Fred Iutzi, manager of renewable energy and agriculture programs for the Illinois Institute for Rural Affairs (IIRA) at Western Illinois University, recently moderated the session “Curtailment of Wind Farms Output” at the Fifth Annual Conference for the Illinois Wind Working Group, “Advancing Wind Power in Illinois,” held in July in Chicago. Iutzi leads a unit of specialists in wind energy, applied economics research, bio-energy feedstock assessment, green entrepreneurship and cooperative development. He also serves as chair for the Illinois Biomass Working Group and is an appointee to the Illinois Alternate Fuels Commission.
At the conference, IIRA Wind Energy Program Coordinator Jolene Willis also served as moderator for the session, “City and County Zoning Perspectives,” as well as presented “Wind for Schools” with Matt Aldeman, from the Center for Renewable Energy at Illinois State University. Willis has been closely involved in advancing several community and utility-scale wind farm projects, and she has comprehensive experience in professional economic development organizations and non-profit organizational management and programming.
Also during the conference, Iutzi and Willis released the results of the 2011 county wind zoning survey, which indicates that county wind ordinances are in a state of review and modification. Since 2007, IIRA has conducted three complete surveys of zoning officials in all Illinois counties to determine whether explicit zoning regulations on wind turbines existed.
According to Iutzi, the survey also characterized regulations for utility (large) and small wind systems, commonly referred to in county zoning codes as “wind energy conversion systems” (WECS). In the 2011 survey, it was determined that 45 counties regulate utility scale wind as part of their zoning codes and six counties have stand-alone ordinances.
“Counties derive their authority to place zoning regulations on wind farms from the zoning division of the Counties Code, which specifically references wind farms,” Iutzi said.
He added that a recent amendment typically applies to small wind systems generating power only for the end user. A county may not require an exclusively used wind tower or other renewable energy system to be located further than 1.1 times the height of the renewable energy system from the end user’s property line, according to the amendment.
Willis noted that key features of the 2011 utility scale survey are the setback and decommissioning parameters.
“For utility scale wind systems, the most common setback distance from property lines is 1.1 times the height, and the most common setback from primary structures is 1,000 feet or 1.1 times the height. A setback distinction between participating and non‐participating landowners is an emerging characteristic, with 15 counties incorporating a different setback for each in place of a uniformly applied primary structure setback. The decommissioning requirements for utility scale wind systems have also become more detailed in specifying types of financial assurances, appraisal costs, timing and procedures,” she said.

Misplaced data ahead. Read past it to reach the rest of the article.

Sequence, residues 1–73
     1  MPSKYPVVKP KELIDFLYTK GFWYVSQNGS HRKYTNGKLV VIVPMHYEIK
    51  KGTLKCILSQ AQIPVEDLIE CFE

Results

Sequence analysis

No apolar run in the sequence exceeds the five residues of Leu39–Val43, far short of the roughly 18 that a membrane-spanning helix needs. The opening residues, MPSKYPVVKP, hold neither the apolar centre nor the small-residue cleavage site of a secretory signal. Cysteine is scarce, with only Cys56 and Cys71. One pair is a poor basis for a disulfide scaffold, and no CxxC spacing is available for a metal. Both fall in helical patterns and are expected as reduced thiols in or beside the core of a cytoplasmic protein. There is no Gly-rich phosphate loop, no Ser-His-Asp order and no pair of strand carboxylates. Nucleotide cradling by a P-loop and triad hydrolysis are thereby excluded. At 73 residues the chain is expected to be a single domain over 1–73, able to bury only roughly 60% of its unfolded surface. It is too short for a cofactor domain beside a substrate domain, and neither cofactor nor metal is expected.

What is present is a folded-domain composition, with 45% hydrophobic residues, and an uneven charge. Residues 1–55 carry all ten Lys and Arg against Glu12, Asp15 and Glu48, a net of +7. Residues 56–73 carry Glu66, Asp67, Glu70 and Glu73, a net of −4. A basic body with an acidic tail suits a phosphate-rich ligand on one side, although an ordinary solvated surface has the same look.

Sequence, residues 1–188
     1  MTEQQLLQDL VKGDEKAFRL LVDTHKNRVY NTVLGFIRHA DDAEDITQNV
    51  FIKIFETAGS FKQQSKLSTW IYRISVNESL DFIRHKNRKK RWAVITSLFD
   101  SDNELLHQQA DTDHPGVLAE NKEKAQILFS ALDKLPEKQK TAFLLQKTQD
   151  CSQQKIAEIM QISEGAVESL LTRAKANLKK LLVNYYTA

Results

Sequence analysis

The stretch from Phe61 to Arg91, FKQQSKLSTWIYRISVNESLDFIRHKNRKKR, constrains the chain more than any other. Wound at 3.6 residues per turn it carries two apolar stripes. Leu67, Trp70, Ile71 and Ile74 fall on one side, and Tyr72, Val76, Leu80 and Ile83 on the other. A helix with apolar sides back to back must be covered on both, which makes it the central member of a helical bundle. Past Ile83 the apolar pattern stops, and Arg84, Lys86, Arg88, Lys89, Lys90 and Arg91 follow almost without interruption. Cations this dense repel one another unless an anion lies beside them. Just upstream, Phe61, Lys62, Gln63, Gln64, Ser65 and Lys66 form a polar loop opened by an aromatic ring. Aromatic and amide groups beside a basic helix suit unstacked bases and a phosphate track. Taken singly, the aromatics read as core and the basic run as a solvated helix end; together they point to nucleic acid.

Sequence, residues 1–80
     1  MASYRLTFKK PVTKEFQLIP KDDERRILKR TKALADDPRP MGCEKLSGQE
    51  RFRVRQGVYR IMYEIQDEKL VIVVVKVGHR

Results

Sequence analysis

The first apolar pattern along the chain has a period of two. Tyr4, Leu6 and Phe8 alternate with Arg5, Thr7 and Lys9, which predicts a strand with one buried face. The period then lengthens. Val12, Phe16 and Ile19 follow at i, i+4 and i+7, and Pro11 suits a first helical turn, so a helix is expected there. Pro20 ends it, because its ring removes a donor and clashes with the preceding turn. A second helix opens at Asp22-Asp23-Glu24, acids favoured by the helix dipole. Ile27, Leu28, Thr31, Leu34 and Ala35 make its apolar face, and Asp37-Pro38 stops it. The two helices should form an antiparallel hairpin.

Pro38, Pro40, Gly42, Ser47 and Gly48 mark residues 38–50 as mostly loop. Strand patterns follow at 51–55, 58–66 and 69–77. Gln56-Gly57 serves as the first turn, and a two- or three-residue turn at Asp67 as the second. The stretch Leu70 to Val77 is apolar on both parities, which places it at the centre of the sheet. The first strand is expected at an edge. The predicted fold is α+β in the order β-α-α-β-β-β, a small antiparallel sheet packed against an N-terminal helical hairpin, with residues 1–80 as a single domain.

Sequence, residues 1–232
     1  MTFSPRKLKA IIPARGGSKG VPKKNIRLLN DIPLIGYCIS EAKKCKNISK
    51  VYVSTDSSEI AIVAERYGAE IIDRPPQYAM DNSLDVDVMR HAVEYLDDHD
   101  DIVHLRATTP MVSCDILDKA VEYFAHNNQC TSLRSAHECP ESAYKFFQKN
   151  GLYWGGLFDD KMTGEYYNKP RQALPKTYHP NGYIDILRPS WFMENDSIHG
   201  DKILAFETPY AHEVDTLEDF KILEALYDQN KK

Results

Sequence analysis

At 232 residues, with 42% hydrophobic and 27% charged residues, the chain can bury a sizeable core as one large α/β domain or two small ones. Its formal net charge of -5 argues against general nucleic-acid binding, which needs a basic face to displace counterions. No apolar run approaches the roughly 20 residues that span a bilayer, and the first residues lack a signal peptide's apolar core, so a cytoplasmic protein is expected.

Willis said that the 2007 Illinois Power Agency Act created a Renewable Portfolio Standard (RPS), mandating that 25 percent of Illinois energy must come from renewable resources by 2025, with 75 percent generated from wind. Due to recent growth partly resulting from the RPS policy, Illinois ranked seventh in the U.S. in existing wind-powered generating capacity and 16th nationally in potential capacity. Wind power capacity has increased in Illinois from 50 megawatts in 2003 to more than 2,400 megawatts in 2010, with 31 wind energy projects throughout the state. In a recent speech, Lt. Governor Sheila Simon said that cooperation between the state and wind industry could maximize the wind potential in Illinois and increase capacity to 10,000 megawatts, surpassing the state’s 2025 goal, Iutzi and Willis noted.
“County ordinances will continue to evolve as the wind industry evolves. IIRA provides technical assistance to communities on wind power and other forms of renewable energy as part of its mission to serve as the state’s academic clearinghouse on rural development data and initiatives,” Iutzi added.
Visit IllinoisWind.org for research updates, and for the most accurate and up‐to‐date information, contact the county in question by referencing the point-of-contact database provided on the www.illinoiswind.org website.
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